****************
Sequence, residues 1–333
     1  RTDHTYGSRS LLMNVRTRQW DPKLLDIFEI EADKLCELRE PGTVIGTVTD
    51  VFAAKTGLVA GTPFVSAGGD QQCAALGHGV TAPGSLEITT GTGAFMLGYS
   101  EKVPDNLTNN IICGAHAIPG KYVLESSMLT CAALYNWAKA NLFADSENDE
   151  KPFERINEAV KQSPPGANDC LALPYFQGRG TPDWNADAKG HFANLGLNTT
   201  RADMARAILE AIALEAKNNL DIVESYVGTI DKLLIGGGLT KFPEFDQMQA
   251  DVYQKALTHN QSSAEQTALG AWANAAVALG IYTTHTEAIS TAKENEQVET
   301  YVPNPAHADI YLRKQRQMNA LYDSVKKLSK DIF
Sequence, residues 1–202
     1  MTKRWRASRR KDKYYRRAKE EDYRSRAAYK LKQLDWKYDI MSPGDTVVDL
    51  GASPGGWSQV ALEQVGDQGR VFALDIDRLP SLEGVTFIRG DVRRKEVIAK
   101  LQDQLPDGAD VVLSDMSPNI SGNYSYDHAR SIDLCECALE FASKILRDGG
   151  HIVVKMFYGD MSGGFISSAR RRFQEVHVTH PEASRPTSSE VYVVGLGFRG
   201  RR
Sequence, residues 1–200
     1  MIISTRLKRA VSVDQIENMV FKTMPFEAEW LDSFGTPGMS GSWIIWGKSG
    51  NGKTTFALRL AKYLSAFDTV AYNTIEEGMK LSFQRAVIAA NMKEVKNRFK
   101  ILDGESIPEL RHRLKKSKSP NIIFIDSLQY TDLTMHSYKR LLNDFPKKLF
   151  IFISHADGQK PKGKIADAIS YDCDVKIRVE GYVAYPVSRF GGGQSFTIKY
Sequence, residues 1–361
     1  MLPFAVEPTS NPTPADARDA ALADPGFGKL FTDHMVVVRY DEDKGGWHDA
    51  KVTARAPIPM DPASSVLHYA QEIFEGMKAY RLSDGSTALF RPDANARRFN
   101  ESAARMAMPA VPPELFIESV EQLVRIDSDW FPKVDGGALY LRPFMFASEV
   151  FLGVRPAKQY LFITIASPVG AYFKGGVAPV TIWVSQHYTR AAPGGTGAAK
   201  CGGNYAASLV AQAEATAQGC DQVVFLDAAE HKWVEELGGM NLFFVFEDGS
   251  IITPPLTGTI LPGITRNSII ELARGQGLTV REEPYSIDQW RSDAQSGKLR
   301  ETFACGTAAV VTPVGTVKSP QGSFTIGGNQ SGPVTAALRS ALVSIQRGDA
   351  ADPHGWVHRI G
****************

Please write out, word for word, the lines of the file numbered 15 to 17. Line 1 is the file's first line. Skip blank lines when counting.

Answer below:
Sequence, residues 1–200
     1  MIISTRLKRA VSVDQIENMV FKTMPFEAEW LDSFGTPGMS GSWIIWGKSG
    51  NGKTTFALRL AKYLSAFDTV AYNTIEEGMK LSFQRAVIAA NMKEVKNRFK